With a number of reported problems on iOS 9.01 and 9.02, Apple is in beta with a 9.1 version that is supposed to fix issues and become the stable release.  We have iOS 9.1 beta ready now, so you can start testing and be ready for the general release predicted for late October or November.  Check out all our browser / OS combinations at our platform configurator.

At Sauce we are constantly improving our service by making it easier to integrate with CI systems, upgrading our UI and, lately, improving reliability and speed.   We’ve just finished part one of a project to speed up the generation of VMs so you can test even faster.  Our Windows VMs are now faster than ever, so check ’em out.

Automated Mobile Testing with Real Devices

September 8th, 2015 by Ken Drachnik

Mobile testing has long been a manual process – limited by the devices you have close at hand or at best, a painfully slow process in the cloud.  Sauce has long had emulators and simulators to let you speed your tests by automating them in the cloud. Sometimes, however, emulators are not enough and you need to test on real devices.  We are happy to announce the public beta of our Real Device Cloud. That’s right, we’ve put hundreds of Android and iOS devices up in our cloud so you can automate your tests across emulators and real devices with massive parallelism. That means you can now test fast – just break your tests up into manageable bits and run them in parallel. There’s no waiting, there’s no reservation system – they are available and ready to test whenever you are.

We anticipate opening The Real Device Cloud by the end of the month so you can start testing all your mobile apps.  Download the datasheet.

The Real Device Cloud

  • Instant Availability – Get access to the most popular* iOS or Android devices with no waiting
  • Over 80 mobile emulators and simulators
  • Massive Concurrency – Run your tests in parallel to reduce your total test time
  • Integrate with your CI tool of choice – automate all your tests using the top CI tools like Jenkins, Bamboo, Travis, Team City or Circle CI
  • Test Native, Mobile Web and Hybrid apps
  • Access back end databases – that’s right, you can test your app in our cloud and have secure access to your backend data and websites for a true end-to-end test.
  • Full reporting – instant access to videos, screenshots and all the data for your tests so you can analyse your results quickly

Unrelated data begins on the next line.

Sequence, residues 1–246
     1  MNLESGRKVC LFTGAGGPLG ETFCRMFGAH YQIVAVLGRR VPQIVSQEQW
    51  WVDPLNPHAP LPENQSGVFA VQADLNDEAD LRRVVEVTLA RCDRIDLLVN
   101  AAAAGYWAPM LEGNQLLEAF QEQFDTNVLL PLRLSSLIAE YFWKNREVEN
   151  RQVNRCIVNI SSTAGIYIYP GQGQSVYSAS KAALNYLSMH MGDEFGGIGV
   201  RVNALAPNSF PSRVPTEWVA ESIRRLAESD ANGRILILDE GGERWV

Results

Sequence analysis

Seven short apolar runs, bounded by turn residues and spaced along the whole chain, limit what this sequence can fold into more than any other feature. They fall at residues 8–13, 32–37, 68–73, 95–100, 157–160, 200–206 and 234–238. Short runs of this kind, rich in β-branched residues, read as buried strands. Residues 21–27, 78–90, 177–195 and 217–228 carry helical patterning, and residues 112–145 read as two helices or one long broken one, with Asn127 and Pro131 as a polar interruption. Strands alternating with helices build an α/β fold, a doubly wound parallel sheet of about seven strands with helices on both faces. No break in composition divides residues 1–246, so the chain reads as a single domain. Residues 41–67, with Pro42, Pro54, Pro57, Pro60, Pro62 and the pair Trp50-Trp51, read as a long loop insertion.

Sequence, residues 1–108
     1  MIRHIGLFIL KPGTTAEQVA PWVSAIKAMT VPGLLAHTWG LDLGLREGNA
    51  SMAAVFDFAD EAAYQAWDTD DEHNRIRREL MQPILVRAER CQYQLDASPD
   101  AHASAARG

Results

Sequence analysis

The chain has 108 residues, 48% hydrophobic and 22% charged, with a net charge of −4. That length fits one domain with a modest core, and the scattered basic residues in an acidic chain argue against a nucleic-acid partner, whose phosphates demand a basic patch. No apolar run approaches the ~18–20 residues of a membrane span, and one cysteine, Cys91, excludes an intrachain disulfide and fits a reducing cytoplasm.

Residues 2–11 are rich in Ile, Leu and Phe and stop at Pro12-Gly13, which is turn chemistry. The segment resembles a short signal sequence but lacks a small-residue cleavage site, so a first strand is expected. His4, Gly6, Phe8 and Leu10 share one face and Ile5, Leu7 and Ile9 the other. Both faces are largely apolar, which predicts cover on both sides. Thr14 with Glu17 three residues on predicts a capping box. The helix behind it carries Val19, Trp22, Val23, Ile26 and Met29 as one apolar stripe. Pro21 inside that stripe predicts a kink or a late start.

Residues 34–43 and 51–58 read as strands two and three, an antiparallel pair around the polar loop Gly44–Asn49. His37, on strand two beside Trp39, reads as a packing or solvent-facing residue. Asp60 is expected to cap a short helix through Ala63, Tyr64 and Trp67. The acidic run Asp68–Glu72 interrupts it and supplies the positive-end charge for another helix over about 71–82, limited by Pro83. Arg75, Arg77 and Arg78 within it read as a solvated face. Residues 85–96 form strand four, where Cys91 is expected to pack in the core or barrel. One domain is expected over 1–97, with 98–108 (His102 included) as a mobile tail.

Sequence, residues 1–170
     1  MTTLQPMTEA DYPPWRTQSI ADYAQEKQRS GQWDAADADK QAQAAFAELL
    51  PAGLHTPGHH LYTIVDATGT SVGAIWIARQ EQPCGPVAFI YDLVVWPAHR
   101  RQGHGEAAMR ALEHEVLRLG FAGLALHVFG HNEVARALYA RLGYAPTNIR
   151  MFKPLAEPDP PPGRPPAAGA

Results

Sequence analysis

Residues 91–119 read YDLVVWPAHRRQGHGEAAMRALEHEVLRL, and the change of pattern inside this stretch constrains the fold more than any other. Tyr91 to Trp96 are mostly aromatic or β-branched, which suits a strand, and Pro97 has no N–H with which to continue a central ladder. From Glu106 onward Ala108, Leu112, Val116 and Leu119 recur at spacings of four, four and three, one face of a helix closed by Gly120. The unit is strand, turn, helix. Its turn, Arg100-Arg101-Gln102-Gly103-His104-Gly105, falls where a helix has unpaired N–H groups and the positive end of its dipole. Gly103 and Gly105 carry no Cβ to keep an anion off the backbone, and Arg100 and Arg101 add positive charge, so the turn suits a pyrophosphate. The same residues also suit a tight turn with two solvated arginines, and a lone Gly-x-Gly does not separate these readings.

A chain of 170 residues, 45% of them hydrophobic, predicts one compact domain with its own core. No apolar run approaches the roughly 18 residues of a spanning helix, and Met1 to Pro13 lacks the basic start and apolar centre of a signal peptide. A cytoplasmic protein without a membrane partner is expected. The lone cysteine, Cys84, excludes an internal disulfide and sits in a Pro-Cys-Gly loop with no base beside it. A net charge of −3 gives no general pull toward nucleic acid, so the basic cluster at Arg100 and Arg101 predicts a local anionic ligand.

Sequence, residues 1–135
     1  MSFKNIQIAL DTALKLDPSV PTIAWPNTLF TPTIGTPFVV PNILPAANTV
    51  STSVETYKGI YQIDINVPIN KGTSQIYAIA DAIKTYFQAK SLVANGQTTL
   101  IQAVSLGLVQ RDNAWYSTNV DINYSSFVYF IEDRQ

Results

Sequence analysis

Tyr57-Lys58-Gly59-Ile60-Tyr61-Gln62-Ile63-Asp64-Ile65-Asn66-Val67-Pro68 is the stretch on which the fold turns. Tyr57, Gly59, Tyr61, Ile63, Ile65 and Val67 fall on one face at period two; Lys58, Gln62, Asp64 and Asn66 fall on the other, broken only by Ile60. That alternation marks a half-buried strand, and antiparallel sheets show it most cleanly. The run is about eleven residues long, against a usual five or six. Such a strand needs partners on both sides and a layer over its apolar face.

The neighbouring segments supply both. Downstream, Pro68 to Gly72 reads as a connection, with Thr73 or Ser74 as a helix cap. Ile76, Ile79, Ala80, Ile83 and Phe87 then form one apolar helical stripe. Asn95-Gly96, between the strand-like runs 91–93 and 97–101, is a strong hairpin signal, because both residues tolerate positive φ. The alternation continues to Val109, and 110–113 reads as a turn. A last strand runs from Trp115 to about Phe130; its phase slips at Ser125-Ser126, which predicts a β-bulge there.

• Enterprise features – account and team management lets you provision test resources as needed and SSO integration means you don’t have to go to IT to add another tester to your account
  • Professional Services and Training – we have people and partners to help you get started with Appium or if you’re already proficient, our experts can help your team become super users

* The Real Device Cloud will open with Apple iPhone 6 and Samsung Galaxy S4 and S5 phones.  We will be adding more device types in the near future.

Windows 10 Support

July 28th, 2015 by Ken Drachnik

Windows 10 150 pxWindows 10 is scheduled to launch tomorrow so today Sauce Labs is pleased to announce support for manual and automated Windows 10 testing – get your Win10 tests set up with our Automated Test Configurator.

We often release new OS / browser combinations ahead of their scheduled launch so you can begin testing to make sure your apps work on the shiny new systems ahead of time. Unfortunately, this release was a bit different as we did not get access to the bits we needed until later in the cycle.

Happy Testing!

Appium 1.3.6 Available on Sauce

March 4th, 2015 by The Sauce Labs Team

Appium logo w- tagline {final}-01The Appium team is pleased to announce that version 1.3.6 is now available on Sauce.  The new build includes changes from 1.3.5, which was previously unavailable for Sauce users.

iOS
– fix for a bug when driver.get() never returns for page with alert.
– iOS 8.2 support.
– fixed safari startup crashes.
– ensure Appium drops into the right continuation cb when selecting hybrid contexts.

Android
– fix XPath regression where Appium failed to recognize non-ASCII characters.
– fix regression where Appium failed to set ADB’s path during Chromedriver tests.
– now finds the location of adb earlier.
– ensure encoding stream in Bootstrap.jar closes correctly.
– add workaround for issue where UiAUtomator fails to find visible elements.
– fixed undefined member error for the release object.
– add a delete key test.

Selendroid
– upgrade to Selendroid 0.13.0.

Appium 1.3.4 Released on Sauce Labs

December 4th, 2014 by Bill McGee

appium_logo_with_sauce_NEW

Appium version 1.3.4 was released on Sauce Labs today. Below is the list of updates, or you can always head over to Github for the latest.  (more…)